"Let no man flatter himself that he is a successful man unless he preserves the integrity of his conscience, giving himself wholly to the truth and to God. We should move steadily forward, never losing heart or hope in the good work, whatever trials beset our path, whatever moral darkness may encompass us. Patience, faith, and love for duty are the lessons we must learn. Subduing self and looking to Jesus is an everyday work. The Lord will never forsake the soul that trusts in Him and seeks His aid. The crown of life is placed only upon the brow of the overcomer. There is, for everyone, earnest, solemn work for God while life lasts. As Satan's power increases and his devices are multiplied, skill, aptness, and sharp generalship should be exercised by those in charge of the flock of God. Not only have we each a work to do for our own souls, but we have also a duty to arouse others to gain eternal life." --Testimonies to the Church, Volume 5, Page 70.
Public opinion favors a profession of Christianity. Little self-denial or self-sacrifice is required in order to put on a form of godliness, and to have one's name enrolled upon the church book. Hence many join the church without first becoming united to Christ. In this Satan triumphs. Such converts are his most efficient agents. They serve as decoys to other souls. They are false lights, luring the unwary to perdition. It is in vain that men seek to make the Christian's path broad and pleasant for worldlings. God has not smoothed or widened the rugged, narrow way. If we would enter into life, we must follow the same path which Jesus and His disciples trod,--the path of humility, self-denial, and sacrifice. --Evangelism, Page 319-320.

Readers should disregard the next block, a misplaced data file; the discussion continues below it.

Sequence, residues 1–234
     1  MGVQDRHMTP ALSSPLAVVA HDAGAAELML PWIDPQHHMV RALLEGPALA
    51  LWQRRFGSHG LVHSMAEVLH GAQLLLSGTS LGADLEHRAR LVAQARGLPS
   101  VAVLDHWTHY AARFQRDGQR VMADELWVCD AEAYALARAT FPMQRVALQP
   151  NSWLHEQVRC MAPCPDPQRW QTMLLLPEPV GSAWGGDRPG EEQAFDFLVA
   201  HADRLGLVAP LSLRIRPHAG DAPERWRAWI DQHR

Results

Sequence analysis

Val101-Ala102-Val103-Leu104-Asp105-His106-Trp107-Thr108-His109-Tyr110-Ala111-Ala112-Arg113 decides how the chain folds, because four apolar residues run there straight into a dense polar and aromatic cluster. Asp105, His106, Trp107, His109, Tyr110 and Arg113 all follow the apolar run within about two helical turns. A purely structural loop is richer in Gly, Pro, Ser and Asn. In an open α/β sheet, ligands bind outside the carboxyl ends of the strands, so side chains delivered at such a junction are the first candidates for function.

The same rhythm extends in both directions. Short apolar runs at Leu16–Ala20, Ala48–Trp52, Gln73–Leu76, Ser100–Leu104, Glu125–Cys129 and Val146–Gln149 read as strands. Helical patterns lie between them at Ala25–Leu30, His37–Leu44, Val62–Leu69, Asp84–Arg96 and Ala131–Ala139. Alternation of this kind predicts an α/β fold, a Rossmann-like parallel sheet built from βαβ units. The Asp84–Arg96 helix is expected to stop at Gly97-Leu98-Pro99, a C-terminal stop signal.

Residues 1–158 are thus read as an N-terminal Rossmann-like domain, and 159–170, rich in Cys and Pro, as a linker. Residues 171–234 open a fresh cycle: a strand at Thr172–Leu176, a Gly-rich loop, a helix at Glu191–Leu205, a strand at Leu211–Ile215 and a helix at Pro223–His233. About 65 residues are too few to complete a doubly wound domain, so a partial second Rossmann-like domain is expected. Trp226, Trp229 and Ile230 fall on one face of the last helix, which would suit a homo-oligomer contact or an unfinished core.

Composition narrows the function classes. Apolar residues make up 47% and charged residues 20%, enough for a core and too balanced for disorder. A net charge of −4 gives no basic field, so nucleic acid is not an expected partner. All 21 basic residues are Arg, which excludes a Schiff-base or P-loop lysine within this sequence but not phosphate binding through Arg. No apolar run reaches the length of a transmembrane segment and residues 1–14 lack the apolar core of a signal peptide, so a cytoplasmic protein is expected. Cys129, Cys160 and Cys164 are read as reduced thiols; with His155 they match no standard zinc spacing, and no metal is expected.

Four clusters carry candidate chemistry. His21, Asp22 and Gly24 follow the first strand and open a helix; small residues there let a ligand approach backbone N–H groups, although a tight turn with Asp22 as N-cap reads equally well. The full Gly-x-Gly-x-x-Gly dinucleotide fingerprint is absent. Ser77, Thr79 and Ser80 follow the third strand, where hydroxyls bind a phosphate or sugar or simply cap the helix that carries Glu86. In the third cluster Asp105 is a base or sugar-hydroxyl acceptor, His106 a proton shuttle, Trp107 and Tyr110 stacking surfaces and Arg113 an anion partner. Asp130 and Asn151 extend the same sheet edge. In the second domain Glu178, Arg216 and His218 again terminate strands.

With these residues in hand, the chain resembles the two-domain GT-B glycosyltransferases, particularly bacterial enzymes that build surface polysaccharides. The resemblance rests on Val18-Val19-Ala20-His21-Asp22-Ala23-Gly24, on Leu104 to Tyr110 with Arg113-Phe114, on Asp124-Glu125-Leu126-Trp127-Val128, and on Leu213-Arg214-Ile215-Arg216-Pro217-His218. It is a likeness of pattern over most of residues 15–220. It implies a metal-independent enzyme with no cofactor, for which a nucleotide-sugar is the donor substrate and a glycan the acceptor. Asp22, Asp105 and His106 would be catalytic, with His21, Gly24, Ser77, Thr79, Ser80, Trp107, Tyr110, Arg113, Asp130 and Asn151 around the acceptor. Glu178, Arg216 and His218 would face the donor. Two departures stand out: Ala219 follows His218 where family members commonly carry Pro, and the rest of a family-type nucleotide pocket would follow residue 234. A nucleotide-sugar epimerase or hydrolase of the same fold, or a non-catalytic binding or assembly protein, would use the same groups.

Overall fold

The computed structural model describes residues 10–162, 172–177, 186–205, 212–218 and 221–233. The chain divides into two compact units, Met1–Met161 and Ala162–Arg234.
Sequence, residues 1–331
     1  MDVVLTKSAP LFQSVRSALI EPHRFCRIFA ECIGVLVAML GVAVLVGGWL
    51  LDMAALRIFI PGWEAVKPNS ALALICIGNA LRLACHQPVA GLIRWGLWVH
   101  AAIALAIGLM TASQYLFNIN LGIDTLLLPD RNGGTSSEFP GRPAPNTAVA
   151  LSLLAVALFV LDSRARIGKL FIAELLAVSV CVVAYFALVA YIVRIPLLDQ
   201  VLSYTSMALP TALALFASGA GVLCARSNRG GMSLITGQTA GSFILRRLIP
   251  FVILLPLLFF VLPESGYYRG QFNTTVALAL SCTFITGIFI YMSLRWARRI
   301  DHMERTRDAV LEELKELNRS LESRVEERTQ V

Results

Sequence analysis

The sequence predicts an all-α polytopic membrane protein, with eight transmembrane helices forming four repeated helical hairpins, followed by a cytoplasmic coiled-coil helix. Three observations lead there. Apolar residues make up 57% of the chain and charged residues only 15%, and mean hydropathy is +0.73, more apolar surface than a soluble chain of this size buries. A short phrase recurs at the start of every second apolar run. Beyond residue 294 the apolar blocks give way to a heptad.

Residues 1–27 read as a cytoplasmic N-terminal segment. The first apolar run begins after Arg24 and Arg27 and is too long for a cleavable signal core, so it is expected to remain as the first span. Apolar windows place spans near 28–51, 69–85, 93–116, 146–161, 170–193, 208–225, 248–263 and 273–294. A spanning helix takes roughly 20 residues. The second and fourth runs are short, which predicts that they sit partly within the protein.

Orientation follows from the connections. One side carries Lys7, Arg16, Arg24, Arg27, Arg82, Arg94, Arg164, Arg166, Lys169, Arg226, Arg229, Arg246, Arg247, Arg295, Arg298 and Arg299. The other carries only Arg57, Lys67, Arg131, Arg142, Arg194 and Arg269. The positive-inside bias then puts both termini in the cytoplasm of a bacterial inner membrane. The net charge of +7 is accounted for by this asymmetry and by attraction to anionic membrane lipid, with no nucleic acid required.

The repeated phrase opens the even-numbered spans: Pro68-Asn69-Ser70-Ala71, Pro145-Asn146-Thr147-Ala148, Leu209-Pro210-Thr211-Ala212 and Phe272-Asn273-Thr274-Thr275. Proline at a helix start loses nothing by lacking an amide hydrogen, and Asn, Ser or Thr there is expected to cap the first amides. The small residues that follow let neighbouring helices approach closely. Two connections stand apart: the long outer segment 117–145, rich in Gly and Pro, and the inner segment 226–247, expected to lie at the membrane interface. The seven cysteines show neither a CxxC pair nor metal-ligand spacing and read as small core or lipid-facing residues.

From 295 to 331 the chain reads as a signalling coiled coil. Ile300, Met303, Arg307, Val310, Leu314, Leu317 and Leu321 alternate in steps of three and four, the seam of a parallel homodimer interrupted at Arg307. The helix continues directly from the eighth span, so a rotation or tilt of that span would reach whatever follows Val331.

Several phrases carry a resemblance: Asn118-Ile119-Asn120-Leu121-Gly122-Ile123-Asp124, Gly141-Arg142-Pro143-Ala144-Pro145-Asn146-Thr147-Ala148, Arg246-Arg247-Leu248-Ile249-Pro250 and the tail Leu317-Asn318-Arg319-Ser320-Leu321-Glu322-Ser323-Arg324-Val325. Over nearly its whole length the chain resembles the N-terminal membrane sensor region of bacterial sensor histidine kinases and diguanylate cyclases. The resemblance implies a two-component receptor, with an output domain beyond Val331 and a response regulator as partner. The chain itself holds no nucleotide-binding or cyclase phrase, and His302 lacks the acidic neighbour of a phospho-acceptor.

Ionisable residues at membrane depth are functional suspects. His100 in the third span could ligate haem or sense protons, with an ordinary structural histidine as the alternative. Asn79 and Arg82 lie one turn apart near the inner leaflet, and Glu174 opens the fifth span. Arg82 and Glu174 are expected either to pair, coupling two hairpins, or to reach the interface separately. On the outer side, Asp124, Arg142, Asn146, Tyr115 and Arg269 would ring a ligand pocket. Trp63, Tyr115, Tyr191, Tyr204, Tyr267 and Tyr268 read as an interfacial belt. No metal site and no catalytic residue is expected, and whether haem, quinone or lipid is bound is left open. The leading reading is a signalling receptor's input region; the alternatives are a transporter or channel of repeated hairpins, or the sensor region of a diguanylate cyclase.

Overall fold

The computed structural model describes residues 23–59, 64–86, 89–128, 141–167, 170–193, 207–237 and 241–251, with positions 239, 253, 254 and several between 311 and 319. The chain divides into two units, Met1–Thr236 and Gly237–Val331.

Matthew 7:13-14 reads: Enter ye in at the strait gate: for wide is the gate, and broad is the way, that leadeth to destruction, and many there be which go in thereat: Because strait is the gate, and narrow is the way, which leadeth unto life, and few there be that find it.
The way of the cross is an onward, upward, way. And as we advance therein, seeking the things that are above, we must leave farther and farther in the distance the things which belong to the earth. While the world and carnal professors are rushing downward to death, those who climb the hill will have to put forth efforts or they will be carried down in the broad road.
The path of least resistance is the path of disobedience, unfaithfulness, selfishness, covetousness, impurity, lust, pride, ambition, deception, corruption, slothfulness, guile, etc.
We take the path of least resistance when we couldn't hold back that hasty word, when we couldn't refrain from participating in gossiping, when we criticize others knowing full well that frequent admonitions however constructive they may be have a demoralizing effect upon sensitive souls, when we evil surmise our fellowmen, when we manifest unholy tempers, when we harbor depraved desires and lusts, when we neglect the plight of the needy, the widows, the orphans, etc.
We don't have to take the path of least resistance however. Even though the path to Heaven is narrow and apparently inconvenient and full of conflicts, trials, of tribulations and sufferings, Jesus Christ has revealed to us the map to show us the way.
'Take my yoke upon you,' Christ said, as in human nature He lived and worked upon this earth. Constantly He wore the yoke of submission, meeting the difficulties that human beings must meet, bearing the trials that they must bear. The enemy will continually assault us as he assaulted Christ, bringing against us strong temptation. But for everyone there is a way of escape. 'Be Not Weary in Well-doing.' --Upward Look, Page 235.